Translation:I will not buy chairs.
Someone correct me if I am wrong.
は is the topic like you said, so we infer 私が so I am the subject, and this approximately means: Chairs do not get bought by me. (that is not something I do)
を however is the object of the verb (similar to accusative case in English), in this case we infer 私は, so with を the sentence would be: I am not buying chairs. (at the moment, I can pick some up later)
I disagree with you. Here, using は means you may not buy chair, but maybe something else (other furniture). If you use を it's just fact that could mean anything without context : I don't buy chair.
は is either replacing the subject mark (が) or the object mark (を) when it is alone, emphasizing the word before.
By the way I wouldn't use the passive form if I were you, because there is one in japanese... To make a verb in passive form, using dictionnary form, transform the う in あ for the first group (except verb finishing by う, it becomes わ) then add れる; for the second group just add られる ; last group exception : される/こられる.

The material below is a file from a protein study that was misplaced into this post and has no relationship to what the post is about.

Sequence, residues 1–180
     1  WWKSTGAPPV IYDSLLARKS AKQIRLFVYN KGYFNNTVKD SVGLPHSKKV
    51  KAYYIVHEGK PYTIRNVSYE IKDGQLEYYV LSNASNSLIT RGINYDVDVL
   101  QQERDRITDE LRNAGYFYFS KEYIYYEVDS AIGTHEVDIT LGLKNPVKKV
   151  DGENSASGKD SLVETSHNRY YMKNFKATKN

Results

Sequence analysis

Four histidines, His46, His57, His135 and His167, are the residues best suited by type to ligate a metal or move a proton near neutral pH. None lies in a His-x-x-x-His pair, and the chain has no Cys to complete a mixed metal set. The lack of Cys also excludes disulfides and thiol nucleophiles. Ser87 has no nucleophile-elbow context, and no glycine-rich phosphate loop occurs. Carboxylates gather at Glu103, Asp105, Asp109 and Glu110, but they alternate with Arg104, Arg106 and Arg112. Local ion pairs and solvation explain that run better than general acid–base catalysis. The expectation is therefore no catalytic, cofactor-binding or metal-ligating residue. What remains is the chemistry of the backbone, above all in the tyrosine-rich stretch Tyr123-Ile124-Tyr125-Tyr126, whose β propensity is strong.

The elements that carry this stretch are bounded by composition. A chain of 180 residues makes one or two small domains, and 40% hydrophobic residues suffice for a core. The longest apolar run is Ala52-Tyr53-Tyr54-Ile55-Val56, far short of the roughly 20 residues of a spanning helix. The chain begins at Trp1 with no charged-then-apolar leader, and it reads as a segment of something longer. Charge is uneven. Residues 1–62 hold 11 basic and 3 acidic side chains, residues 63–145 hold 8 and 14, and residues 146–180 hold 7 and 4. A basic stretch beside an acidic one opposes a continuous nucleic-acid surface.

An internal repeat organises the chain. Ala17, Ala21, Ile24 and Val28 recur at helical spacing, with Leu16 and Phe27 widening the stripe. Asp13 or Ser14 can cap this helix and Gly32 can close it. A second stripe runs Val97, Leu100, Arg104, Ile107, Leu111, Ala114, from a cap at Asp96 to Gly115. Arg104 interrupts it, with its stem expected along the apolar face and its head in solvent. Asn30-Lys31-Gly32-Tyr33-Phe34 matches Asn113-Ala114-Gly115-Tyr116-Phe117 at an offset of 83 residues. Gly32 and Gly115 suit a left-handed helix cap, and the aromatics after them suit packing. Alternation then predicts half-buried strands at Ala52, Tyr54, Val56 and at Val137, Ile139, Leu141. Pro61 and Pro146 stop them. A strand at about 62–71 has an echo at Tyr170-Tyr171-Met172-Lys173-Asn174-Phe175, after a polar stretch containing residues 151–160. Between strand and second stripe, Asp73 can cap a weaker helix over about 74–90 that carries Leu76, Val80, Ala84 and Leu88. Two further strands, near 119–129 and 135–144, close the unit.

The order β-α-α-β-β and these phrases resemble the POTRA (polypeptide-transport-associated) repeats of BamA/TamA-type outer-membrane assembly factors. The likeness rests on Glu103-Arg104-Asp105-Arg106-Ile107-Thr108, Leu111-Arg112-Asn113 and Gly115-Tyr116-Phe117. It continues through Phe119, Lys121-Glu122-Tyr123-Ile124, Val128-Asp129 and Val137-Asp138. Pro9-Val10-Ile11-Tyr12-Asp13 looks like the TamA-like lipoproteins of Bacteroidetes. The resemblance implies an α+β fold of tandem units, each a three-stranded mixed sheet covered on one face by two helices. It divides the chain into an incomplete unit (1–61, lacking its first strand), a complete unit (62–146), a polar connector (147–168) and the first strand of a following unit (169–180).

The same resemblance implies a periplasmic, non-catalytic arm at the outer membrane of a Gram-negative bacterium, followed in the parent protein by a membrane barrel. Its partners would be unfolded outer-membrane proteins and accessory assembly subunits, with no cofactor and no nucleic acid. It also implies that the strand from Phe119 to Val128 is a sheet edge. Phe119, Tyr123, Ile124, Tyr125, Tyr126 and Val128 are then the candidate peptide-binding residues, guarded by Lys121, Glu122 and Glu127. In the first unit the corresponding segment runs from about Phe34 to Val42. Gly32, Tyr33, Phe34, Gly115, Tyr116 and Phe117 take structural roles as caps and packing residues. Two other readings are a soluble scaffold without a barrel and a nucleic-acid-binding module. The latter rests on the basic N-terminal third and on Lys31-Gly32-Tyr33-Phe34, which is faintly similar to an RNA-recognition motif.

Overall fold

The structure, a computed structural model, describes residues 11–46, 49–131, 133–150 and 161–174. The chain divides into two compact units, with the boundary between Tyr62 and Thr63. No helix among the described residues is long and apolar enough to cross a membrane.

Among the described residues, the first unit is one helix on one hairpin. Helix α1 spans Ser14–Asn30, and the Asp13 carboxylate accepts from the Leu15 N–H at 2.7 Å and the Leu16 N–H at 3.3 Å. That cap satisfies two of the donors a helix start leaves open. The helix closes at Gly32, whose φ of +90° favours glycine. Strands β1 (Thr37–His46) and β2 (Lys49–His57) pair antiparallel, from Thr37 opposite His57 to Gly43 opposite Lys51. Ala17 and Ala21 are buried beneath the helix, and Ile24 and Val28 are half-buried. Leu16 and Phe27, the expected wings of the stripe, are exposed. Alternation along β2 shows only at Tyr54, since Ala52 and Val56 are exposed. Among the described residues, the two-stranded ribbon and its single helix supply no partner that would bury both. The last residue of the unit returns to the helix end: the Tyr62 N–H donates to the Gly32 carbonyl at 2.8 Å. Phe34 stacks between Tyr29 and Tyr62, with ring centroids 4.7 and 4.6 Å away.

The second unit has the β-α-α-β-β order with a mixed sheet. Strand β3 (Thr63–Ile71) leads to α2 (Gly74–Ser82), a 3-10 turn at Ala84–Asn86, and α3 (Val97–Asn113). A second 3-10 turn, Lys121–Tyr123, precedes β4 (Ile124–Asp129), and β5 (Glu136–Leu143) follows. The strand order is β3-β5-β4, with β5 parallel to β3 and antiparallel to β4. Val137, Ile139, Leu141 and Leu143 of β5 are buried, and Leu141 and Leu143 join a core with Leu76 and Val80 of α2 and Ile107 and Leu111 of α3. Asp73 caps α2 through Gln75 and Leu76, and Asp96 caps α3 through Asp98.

Example : 使う => 使われる
食べる => 食べられる
This one specifically has a few ways to translate it, which is why you see people saying "I will not buy a chair" or "I will not buy chairs" and a few other variations.
Usually, if the amount matters, you'll see a counter following a number. For example: いすが二-つは買いません。 I will not buy two chairs makes the number clear. (might have messed up particles, sorry)
Because that is how negative statements are generally formed in Japanese; there is a more complex answer, but it gets into the nature of the particle "は” and the fact that it has several distinct uses, none of which map well onto English grammar. If you're still curious, look up "using は for contrast" or something similar. Essentially, the formation is something like "I do not buy chairs [but I might buy something else]".
"Don't buy chairs." is imperative, giving an order to someone while 「いすがかいません。」 is declarative, describing whether someone (Implicitly the speaker unless context says otherwise) will buy chairs. The English passive voice is closer but still not an exact match "Chairs will not be bought."
"I will not buy chair" does not make sense. You need 'a' or 'the' in front of 'chair'. forum.duolingo.com/comment/23148160$comment_id=30235046